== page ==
What are y'all thinking about the melting ice sheets? At the rate it is going the north pole and Greenland are going to be melted within 10 years, or it looks that way to me. According to Gore Europe will become extremely cold, and sea level will rise to the point where Fla. is about 1/2 it's size.

Judy, 2012 might not be the end of civilization, but I suspect it will be vastly different from today.

Cheryl, Interesting article. Just another example of how messing with mother nature has ramifications that we didn't take into account. Richard is right, we really need to reduce our national consumption of beef.

Richard Yarnell said...

I have been against converting our seed corn crop into ethanol since there is a more efficient way to get the alcohol - from switch grass and other whole plants.

Now I'm not so sure: if we convert corn to alcohol, there well be less corn to finish cattle with - elevated acid from grain finishing promotes bad e. coli - they will be forced onto grass finishing, and there will be less beef to begin with.

If only it were that simple.

Judy B. said...

Deb.. i never thought 2012 (or some other time) would be the ending of civilization.... just a new beginning...
What we are faced with today, global warming, pandemics, terrorism, etc... ther are many scenarios of civilization de-volving...could be one "beginning"
There are just as many ways to begin again...to evolve.. to a better world...
which will we choose...
I will reccommend once again "Waking Up In Time" by Peter Russell..

Judy B. said...

Richard.. i do not think it makes sense to use ANY food crop to make ethanol... Our productive farming land is becomming used up... we need to "ration" our land for feeding the world... and I will agree, not for feeding our cows...

I read an interesting article today about a new breed of "battery" that may become the answer to infernal combustion engine... EEStor (a stelth company in Cedar Park Texas) is working on a ceramic power source for that hopefully will be the BIG breakthru we are all dreaming about... Interestingly enough, my daughter told me that such devices had been found in pyramids in Egypt.. this developing technology is being financed by one of the biggest VC groups around, and a Canadian Company is already planning on marketing it in cars in 2008..

Cheryl.. that was an interesting article on e coli and grain fed beef... i passed it on to my large email list...

Richard Yarnell said...

Not really a battery, but a capacitor.

If they're cheap enough to overcome some negatives (compared to batteries) then they could be a huge advance. Capacitors have been around a long time. (I just replaced one on the pump control - it provides the surge of power needed to start the pump motor, for example). I'll bet that their "secret" is entirely in the materials they use, hence the need to keep it quiet.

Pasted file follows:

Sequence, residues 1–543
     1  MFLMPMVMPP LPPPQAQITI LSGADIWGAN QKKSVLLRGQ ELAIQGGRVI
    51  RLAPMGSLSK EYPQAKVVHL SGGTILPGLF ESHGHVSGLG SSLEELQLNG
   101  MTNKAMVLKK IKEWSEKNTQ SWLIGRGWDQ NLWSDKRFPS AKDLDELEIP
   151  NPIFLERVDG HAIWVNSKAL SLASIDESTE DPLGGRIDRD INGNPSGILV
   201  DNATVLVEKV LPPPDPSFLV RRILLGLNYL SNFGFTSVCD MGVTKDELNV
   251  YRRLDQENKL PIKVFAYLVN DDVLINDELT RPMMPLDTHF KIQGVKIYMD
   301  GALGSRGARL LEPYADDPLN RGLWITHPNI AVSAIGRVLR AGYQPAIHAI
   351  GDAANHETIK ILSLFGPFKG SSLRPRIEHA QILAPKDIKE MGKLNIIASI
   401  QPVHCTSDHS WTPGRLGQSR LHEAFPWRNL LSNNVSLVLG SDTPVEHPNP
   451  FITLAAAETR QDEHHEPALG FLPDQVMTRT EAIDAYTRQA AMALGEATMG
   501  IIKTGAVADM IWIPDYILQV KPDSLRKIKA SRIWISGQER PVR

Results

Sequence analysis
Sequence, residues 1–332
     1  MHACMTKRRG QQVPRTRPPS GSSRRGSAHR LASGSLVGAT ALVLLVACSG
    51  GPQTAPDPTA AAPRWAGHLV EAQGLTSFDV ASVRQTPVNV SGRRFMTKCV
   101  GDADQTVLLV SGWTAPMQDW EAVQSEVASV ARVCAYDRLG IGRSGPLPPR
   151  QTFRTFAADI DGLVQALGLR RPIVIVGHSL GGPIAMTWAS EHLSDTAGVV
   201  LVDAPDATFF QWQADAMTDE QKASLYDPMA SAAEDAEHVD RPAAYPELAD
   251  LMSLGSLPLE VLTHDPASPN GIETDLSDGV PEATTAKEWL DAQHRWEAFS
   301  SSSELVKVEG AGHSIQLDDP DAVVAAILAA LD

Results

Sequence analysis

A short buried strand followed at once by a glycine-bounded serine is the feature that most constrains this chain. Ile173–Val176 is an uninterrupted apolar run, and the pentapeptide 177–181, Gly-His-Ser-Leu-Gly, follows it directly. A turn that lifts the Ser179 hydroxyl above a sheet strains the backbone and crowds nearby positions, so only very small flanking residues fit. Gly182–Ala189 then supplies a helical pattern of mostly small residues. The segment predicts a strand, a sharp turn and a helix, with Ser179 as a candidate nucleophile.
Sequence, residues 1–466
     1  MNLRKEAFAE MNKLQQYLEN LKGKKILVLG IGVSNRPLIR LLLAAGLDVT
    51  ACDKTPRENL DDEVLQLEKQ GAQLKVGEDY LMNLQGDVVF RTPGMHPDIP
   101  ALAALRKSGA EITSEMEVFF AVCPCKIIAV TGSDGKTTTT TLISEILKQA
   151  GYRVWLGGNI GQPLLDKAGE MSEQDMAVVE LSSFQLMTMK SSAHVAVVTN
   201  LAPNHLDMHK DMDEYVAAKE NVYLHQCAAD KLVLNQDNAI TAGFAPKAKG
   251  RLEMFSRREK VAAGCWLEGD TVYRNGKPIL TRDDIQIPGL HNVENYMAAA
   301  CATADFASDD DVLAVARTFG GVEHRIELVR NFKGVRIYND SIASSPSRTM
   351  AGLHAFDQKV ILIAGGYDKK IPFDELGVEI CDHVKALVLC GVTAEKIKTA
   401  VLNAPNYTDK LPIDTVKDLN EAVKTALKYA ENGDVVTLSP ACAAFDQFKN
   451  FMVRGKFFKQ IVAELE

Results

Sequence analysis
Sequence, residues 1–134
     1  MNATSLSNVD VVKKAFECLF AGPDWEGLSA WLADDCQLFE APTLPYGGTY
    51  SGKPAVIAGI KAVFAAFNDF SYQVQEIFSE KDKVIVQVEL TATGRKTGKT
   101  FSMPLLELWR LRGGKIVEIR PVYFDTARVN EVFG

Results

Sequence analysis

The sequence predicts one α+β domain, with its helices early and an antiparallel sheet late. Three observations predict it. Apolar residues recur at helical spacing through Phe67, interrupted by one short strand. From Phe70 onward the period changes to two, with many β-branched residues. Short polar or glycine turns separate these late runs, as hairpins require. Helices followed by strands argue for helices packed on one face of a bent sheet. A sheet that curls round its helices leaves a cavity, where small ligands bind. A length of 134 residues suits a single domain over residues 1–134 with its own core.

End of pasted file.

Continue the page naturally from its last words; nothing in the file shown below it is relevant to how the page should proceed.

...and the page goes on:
Richard Yarnell said...

As I've written elsewhere in this space, I don't think making food into ethanol is good either except when it comes to beer, wine, cider, incidental to preserving the crop.

However, at the moment, it's cheaper to convert sugar to alcohol. It's also a more familiar process. But less expensive land can be put to use growing switch grass and the like and the lignin based conversion, partially supports itself by burning the leftovers. This is one I think the market will sort out pretty quickly.

deb said...

WOO HOO, Judy, thanks for the info. I HOPE this battery does all it is supposed to do...and I HOPE the oil companies don't "buy up" the technology!

A much-shrouded idea could give portable power a real charge, for a change — and change, well, everything

dan said...

A major breakthrough in battery or capacitor would change everything. I hope it'll come soon. It could be just what's needed to help us save this planet. Plus, like Deb, I want my next car to be a plug-in hybrid...and good performance would be nice bonus.

christin m p in massachusetts said...

A couple of my friends just spent this weekend volunteering for Alt-Wheels -- an organization that showcases sustainable transportation. I would have joined them, but I had to do some work for the landlord again this weekend. At least I didn't have to commute to the city -- he gave me some work skim-coating the walls in the upstairs hallway with joint compound. Thank goodness I can put off sanding it till next weekend. I've tried the damp-sponge method to smooth it out, but I find that only gives a good result for very small touch-up areas. So next weekend, I'm going to be completely covered from head to toe with white powdery drywall compound. The worst part is that the dust mask doesn't keep it all out, so I end up breathing a lot of it in. And since it's an open hallway, every inch of surface all the way down to the foyer is going to be covered with fine drywall dust. So I'm going to have to wash all the walls, windows, and woodwork before I can apply primer. I guess there are worse things in life.

Most of my friends aren't interested in politics. Some of them just have to work too many hours, and the others -- as you can see -- prefer to get out there and improve the world with their own hands. Here is a link to show what this weekend's Alt Wheels event was about:
http://www.altwheels.org/events.html

John G. said...

"A major breakthrough in battery or capacitor would change everything. I hope it'll come soon. It could be just what's needed to help us save this planet. Plus, like Deb, I want my next car to be a plug-in hybrid...and good performance would be nice bonus."

Remember the link Deb gave about INTEL using lasers for faster processing...the same concept will apply for batteries.

Judy B. said...

And the same concept will also apply in the making of solar panels..
AMD and INTEL are working on it...

christin m p in massachusetts said...